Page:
June 8th, 2011 | by MARK STOCK Music | Posted In: Live Cuts

Live Review: Dale Earnhardt Jr. Jr. at Mississippi Studios, Monday, June 6

     
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Dale Earnhardt Jr. Jr.
Writers love to break bands. And while I’m certainly not the first to print the name Dale Earnhardt Jr. Jr., it sort of felt, Monday night at Mississippi Studios, like I was getting in on the ground floor.

Maybe it’s a collective weariness towards all things Detroit—this proud band’s hometown—a seemingly indomitable city built on blood and sweat that lies awake on life support today, that kept Portlanders from coming out to the band's show. Maybe listeners are confused by the name, unsure if it’s a band or the third generation of a NASCAR legend. Maybe I’m lucky and have caught Daniel Zott and Josh Epstein before bigger labels and bigger venues surely do. Or maybe it was just Monday night.

As a formal introduction, I’ve included the band's set list fit with tasting notes. DEJJ has released only one album, It’s A Corporate World, but its careful sampling, Beach Boys-inspired harmonies and gooey pop make it an early contender for album of the year.

“Morning Thought”

The walks on stage in NASCAR jumpsuits. Under the jumpsuits, actual suits, with vests and ties. On his way up, Epstein tells me he hasn’t seen a crowd this small since they played Oxford, Mississippi (population 19,000). The song’s dreamy vocal samples and scattered electronic sketches seem borrowed from a Jonsi track.

“Simple Girl”

Grounded in a simple whistled melody and a foot-stompin’, folk-tinged guitar riff, “Simple Girl” is inherently giddy. The duo’s fondness for Brian Wilson shows here, as they trade vocal doos and dahs A few vocal loops and audio effects bubble beneath the surface throughout, per DEJJ custom (Epstein never strays too far from his soundboard).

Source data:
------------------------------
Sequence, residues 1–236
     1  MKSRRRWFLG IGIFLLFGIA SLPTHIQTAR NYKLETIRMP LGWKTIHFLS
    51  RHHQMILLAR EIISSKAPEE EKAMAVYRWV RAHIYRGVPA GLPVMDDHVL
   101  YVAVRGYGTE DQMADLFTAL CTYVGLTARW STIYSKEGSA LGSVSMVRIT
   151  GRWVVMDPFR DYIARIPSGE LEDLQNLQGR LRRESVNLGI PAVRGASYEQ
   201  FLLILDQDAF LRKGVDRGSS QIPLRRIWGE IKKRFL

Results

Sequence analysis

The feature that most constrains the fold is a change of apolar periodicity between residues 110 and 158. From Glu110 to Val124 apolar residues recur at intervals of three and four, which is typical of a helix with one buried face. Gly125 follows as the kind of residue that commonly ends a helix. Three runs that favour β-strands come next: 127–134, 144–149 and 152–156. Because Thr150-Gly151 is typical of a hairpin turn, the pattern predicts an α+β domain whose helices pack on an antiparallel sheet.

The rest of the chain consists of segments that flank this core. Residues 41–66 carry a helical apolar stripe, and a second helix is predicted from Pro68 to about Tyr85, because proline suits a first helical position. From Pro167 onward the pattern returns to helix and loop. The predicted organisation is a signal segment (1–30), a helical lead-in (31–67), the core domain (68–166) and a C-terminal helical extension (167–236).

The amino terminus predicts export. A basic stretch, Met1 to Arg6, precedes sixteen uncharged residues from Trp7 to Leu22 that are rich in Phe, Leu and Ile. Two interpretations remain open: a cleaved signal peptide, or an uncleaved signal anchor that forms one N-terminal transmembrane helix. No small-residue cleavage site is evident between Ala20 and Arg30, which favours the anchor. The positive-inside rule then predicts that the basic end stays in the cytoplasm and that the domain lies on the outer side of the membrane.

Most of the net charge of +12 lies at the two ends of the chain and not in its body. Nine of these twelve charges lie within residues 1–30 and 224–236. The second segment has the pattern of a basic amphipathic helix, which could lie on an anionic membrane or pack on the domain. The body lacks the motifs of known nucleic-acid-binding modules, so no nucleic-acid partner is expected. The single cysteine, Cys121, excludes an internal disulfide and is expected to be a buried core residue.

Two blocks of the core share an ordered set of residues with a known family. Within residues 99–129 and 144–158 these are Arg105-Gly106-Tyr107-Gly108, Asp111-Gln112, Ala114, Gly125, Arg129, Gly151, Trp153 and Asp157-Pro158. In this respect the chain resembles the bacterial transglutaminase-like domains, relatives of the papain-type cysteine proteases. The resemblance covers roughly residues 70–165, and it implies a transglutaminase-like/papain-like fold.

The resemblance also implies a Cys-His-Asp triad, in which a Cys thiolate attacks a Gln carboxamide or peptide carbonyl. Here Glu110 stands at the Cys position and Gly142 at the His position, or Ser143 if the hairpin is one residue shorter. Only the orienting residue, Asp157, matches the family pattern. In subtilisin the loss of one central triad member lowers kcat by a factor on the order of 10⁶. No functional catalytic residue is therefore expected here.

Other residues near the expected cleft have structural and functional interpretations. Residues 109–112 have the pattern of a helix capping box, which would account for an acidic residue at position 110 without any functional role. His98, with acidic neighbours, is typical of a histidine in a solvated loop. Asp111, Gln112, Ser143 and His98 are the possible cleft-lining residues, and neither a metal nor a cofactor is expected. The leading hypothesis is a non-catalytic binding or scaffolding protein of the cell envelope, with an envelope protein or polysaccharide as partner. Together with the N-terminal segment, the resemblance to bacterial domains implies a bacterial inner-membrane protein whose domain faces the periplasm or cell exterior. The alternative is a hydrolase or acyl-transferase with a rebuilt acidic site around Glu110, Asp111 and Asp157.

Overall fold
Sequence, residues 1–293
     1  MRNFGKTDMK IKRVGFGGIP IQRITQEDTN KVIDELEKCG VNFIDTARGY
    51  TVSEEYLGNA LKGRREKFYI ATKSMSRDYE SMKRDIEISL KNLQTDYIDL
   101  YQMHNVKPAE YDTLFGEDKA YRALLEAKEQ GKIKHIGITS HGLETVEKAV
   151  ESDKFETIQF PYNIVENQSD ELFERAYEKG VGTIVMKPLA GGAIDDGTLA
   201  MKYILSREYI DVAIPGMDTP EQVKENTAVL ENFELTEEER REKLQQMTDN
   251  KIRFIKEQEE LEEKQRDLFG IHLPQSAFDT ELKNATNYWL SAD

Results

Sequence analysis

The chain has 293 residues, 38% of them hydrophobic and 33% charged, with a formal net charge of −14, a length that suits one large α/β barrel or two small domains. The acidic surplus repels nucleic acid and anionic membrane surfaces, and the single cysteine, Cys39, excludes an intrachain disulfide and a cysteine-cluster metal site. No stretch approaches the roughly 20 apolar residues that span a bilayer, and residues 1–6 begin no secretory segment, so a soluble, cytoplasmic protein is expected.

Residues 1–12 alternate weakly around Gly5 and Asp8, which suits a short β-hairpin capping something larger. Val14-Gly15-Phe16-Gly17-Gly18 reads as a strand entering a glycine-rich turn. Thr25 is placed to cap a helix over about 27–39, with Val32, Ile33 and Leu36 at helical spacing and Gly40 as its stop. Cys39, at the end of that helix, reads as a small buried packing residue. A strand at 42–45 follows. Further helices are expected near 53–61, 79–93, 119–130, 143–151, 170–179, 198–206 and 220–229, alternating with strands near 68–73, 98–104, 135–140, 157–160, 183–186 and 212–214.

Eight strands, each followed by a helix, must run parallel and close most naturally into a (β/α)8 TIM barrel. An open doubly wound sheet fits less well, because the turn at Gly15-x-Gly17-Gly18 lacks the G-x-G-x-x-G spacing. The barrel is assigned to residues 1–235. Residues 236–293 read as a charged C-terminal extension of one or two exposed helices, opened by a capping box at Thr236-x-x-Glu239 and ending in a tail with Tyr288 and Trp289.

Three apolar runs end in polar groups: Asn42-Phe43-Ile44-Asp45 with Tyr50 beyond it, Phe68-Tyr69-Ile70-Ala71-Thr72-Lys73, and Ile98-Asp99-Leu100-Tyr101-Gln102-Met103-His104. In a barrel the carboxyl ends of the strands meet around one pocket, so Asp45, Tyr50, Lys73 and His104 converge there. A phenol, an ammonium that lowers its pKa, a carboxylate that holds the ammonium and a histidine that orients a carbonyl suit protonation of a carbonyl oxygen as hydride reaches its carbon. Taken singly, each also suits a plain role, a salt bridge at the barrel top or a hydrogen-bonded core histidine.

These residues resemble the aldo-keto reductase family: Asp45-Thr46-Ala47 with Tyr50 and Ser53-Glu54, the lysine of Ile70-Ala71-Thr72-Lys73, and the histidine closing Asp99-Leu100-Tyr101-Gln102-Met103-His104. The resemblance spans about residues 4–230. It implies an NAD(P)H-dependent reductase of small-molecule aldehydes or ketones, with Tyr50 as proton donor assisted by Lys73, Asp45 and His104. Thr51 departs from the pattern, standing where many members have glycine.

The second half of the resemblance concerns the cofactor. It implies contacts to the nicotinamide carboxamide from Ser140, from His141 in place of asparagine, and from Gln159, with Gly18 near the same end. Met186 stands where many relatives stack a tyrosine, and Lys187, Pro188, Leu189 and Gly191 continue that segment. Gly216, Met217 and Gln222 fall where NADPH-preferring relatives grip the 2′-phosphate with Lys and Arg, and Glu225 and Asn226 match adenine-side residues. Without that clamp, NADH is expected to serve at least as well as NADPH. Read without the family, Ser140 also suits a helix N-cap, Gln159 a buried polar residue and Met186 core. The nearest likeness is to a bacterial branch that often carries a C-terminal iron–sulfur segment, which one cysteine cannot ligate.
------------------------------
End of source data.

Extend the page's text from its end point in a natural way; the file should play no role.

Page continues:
“If It Wasn’t You”

The prettiest song on the record features a gorgeous vocal dualism between Zott and Epstein. It bears a devil-on-one-shoulder-angel-on-the-other quality, with Epstein singing one thing and his conscience (Zott) telling him another. And so it builds, via big keyboard chords, swelling vocals and heaving percussion.

Riding newfound momentum, DEJJ slips into a few funky measures of Talking Heads’ “This Must Be The Place.” Epstein is an entertainer, he has Motown in his blood.

“When I Open My Eyes”

Darker in sound and content, this track is hoisted up by some chilling electric piano and choir-boy samples. Epstein sings of the paranoia of working in corporate America, ever-concerned with the bottom line and fragile job security. “I’m gonna get fired for this,” the chorus proclaims.

“Vocal Chords”

Backed by a bouncy bass line and marching percussion, “Vocal Chords” again showcases DEJJ’s tremendous vocal partnership. Somehow, rock ‘n’ roll guitar lines befriend ambient keys, the occasional saxophone solo and some delightfully cheesy electronic tom-tom drums. Just about every audience member is now dancing.

“God Only Knows” (Beach Boys)

A strong cover of an even stronger Pet Sounds track. DEJJ customizes the Beach Boys hit with some Roy Orbison-inspired Les Paul strumming and a mild reggae interlude. Epstein thrives at his electronic command post, bolstering his vocals with layered reverberation. Instantly recognizable lyrics aside, the sound is modern and personalized, the ingredients for a great cover.

“It’s A Corporate World”

The title track, played extra fast. Reminiscent of a Real Estate song on crack, this track still offers enough downtime for Epstein to pace thoughtfully on stage, microphone in hand. There’s pent up hostility here and no escape valve, as in the corporate workplace.

“An Ugly Person On A Movie Screen”

Indie-pop at it’s finest. Hooks abound and rich with wordless background warbling, it’s more summery than Saturday morning cartoons.

“Higher Love” (Steve Winwood)

A brazen move. I never thought this song could be cool. I was wrong.


“We Almost Lost Detroit”(Gil Scott-Heron)

Epstein utilizes a heavy organ setting here, stamping the Gil Scott-Heron track with a psych-rock meets gospel brand. His Motown side comes to the fore again, and it has to in order to match Zott’s raucous guitar interjections. Bits of the Black Keys can be heard, but DEJJ keeps it original by returning to playful melodies.

DEJJ playing the song on KEXP:


“Nothing But Our Love”

A fitting finale given the song’s embodiment of everything DEJJ does well. Smart lyrics, quixotic keyboards, well-managed sampling, fuzzy guitar, glowing sonic themes, and the elegant harmonies of two generations ago. Back when Detroit was king.

 
  • Currently 3.5/5 Stars.
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